My mother was a dancer. She studied with Martha Graham and performed professionally with a couple of other moderately well-known companies. She also played the piano. My father painted as an amateur (he studied at the Art Students League in New York, where he met Sammy, later Zero, Mostel) and worked as a photographer for the Associated Press. By the time I was born he had given up playing the mandolin, although he still owned one. My sister took piano and guitar lessons and studied acting at the Neighborhood Playhouse, eventually winning awards for her work with community theater. I was no good at music (lousy voice, no gift for piano, clarinet, guitar, or recorder, all of which I studied at some point), couldn’t draw worth a damn, and couldn’t remember my lines when I acted. So I had to become a writer. Fortunately, I’m better at writing than I am at all the other stuff.


This interview is part of Intermittent Visitors: a multi-author blog tour.

Cummins Falls

Three of my poems, and some supplemental stuff, appeared at Poem of the Week this week!

Additionally, I had the opportunity to cross a bucket list item off my list. I wanted to have the experience of standing within a waterfall, so I could feel the power and excitement of the water rushing over my head and body. I love waterfalls – I’ve been spending a lot of the summer hiking, and often to waterfalls. This is where I went yesterday:

Me in the river leading up to the falls
at Cummins Falls State Park

Cummins Falls

I think some of the most exciting work being produced right now is happening at the margins, and it’s tremendous to have a hand in getting it before the public.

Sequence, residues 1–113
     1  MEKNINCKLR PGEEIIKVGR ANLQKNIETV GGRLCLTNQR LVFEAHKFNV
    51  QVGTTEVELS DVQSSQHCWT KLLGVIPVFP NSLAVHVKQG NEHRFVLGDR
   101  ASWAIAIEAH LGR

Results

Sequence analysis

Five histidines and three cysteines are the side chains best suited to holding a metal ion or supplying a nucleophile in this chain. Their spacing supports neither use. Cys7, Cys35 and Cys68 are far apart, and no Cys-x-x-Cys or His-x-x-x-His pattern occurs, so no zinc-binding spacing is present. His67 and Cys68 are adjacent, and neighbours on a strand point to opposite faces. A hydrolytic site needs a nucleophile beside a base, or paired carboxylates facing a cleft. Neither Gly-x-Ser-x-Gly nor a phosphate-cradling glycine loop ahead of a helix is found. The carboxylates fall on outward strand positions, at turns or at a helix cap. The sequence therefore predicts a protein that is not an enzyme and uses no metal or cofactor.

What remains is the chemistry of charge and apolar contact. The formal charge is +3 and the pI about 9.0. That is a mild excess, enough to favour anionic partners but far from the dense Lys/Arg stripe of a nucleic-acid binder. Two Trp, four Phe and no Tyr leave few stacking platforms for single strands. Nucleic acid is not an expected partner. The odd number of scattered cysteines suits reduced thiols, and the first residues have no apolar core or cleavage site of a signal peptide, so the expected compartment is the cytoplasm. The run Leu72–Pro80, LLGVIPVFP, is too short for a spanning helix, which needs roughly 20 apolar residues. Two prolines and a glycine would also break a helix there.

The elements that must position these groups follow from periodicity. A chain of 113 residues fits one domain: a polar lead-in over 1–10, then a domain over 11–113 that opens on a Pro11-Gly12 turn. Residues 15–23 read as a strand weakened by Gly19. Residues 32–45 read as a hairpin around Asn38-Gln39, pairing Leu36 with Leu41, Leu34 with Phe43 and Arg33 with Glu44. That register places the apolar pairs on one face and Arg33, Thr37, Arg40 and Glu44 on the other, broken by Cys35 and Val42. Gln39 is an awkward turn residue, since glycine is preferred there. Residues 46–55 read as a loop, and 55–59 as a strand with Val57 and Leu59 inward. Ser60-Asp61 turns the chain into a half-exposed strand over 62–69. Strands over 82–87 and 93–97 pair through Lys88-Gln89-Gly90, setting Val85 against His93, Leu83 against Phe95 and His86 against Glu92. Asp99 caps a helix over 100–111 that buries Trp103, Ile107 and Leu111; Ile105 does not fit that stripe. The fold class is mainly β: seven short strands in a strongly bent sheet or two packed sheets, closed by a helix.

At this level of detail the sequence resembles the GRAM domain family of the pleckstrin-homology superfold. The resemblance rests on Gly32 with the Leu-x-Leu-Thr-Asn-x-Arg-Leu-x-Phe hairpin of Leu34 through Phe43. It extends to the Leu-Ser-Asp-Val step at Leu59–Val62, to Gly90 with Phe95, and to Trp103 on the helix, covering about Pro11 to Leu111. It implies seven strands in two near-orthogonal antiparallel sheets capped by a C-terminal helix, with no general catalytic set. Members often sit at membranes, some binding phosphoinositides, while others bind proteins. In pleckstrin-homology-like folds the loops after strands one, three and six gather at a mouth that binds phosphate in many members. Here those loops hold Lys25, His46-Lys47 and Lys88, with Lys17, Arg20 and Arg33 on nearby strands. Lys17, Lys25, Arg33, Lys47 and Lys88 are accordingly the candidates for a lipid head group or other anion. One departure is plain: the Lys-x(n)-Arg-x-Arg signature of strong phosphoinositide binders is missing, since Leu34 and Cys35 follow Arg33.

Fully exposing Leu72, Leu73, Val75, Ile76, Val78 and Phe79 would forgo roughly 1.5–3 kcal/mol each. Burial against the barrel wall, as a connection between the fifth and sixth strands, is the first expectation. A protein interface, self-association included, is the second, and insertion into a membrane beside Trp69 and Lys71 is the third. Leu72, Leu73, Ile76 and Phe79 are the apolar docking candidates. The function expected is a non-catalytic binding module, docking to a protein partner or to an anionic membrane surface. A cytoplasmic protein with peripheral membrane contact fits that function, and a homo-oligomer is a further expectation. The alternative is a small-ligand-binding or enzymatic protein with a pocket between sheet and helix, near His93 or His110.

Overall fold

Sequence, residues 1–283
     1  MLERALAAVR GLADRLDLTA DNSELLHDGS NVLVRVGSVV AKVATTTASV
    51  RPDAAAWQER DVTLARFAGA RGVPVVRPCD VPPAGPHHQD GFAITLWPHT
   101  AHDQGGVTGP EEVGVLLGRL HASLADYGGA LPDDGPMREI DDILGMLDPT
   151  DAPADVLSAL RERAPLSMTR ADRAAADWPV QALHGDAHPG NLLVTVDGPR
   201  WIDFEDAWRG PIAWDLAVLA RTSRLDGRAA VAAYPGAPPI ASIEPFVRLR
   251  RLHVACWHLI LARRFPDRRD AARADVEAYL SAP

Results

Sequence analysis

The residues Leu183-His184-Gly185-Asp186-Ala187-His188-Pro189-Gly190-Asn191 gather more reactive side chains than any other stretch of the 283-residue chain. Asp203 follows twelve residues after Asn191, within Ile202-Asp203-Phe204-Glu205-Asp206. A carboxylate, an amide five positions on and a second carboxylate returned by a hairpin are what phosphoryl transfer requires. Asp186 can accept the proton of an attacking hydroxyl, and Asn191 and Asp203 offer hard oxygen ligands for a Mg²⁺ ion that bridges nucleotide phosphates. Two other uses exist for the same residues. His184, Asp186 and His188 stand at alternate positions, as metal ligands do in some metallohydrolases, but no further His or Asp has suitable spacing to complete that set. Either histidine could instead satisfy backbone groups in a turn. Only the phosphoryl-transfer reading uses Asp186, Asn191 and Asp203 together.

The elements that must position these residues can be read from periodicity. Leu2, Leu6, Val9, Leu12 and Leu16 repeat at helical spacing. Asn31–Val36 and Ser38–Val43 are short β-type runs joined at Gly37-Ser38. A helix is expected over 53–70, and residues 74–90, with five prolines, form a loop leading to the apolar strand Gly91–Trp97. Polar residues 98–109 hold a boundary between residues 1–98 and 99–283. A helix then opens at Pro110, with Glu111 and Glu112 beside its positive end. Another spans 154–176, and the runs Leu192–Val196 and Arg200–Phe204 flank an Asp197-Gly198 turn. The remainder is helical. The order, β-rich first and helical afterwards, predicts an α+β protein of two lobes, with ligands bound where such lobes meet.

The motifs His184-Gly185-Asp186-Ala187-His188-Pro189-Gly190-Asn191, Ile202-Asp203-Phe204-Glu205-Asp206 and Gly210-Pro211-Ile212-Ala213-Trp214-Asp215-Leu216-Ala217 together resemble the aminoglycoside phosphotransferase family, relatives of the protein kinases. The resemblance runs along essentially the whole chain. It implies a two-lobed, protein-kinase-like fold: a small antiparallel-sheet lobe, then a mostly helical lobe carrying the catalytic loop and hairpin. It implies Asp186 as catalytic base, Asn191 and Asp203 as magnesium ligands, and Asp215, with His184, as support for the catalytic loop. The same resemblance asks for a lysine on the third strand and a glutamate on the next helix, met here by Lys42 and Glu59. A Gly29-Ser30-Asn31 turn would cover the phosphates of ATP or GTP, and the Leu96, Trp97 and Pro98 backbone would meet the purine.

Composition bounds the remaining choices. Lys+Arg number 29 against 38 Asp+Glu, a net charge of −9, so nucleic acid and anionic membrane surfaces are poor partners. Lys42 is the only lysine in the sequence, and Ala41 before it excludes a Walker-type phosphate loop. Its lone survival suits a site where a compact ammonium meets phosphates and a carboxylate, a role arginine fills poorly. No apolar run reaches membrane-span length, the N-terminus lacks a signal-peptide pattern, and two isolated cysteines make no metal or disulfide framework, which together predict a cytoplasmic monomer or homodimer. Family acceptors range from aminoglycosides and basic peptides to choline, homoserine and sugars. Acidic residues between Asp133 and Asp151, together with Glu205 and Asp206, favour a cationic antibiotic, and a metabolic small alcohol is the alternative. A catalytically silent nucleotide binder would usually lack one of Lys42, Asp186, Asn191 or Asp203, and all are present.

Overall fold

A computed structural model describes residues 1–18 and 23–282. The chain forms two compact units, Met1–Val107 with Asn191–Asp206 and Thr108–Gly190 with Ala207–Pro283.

Loren Kleinman interviewed me at her blog!

Tails the Penguin and I hang out at the Gatlinburg aquarium.

Intermittent Visitors: Shane Rhodes

  Shane Rhodes is the author of six collections of poetry, including X, which was just released; The Wireless Room, which won the Alberta Book Award for poetry; Holding Pattern, which won the Archibald Lampman Award; and The Bindery, which won the Lampman-Scott Award. His poetry has also appeared in a number of Canadian poetry anthologies including Seminal: The Anthology of Canada’s Gay Male Poets. His work is available online at Lemon Hound, Numéro Cinq and Rattle. Rhodes lives in Ottawa, Ontario.


1. What is your writing process?

I sleep. I wake. I eat. I sit. I think. I drink a cup of matcha. I turn on the radio. I listen. I turn off the radio. I sit. I turn on the computer. I look at the computer screen. I read email. I search the internet for a 15th century papal bull. I read. I write. I erase. I sit. I exhibit common avoidance procedures. I stare out the window. I try not to look at the computer screen; I pretend it isn’t there. I search the OED for the etymology of “kench.” I read the Wikipedia page on “paprika” and then “grey seals” and then “matcha” and then “match” and then “phosphorus sesquisulfide” and then “phossy jaw” and then “the London matchgirls’ strike of 1888.” I get a hold of myself. Seriously, I get back to writing. I write. Seriously, I write. I sit. I erase. Seriously. I don’t look out the window; I pretend it isn’t there. I write quickly. I erase quickly. I work. I read email. I talk. I listen. I come home. I sit. I write. I erase. I write. I read. I write. I sleep.


2. What’s some writing advice you’ve received, that works for you?

While traveling in Mexico for a year, I met a Texan who passed on this advice (it was advice, he told me, that was passed on to him by his grandfather): “There are three things you really need to know in life: how to drink, how to dance, and some names to call the stars.” It seems just a pertinent now as it did then.


3. Can you say a little bit about the genesis of X?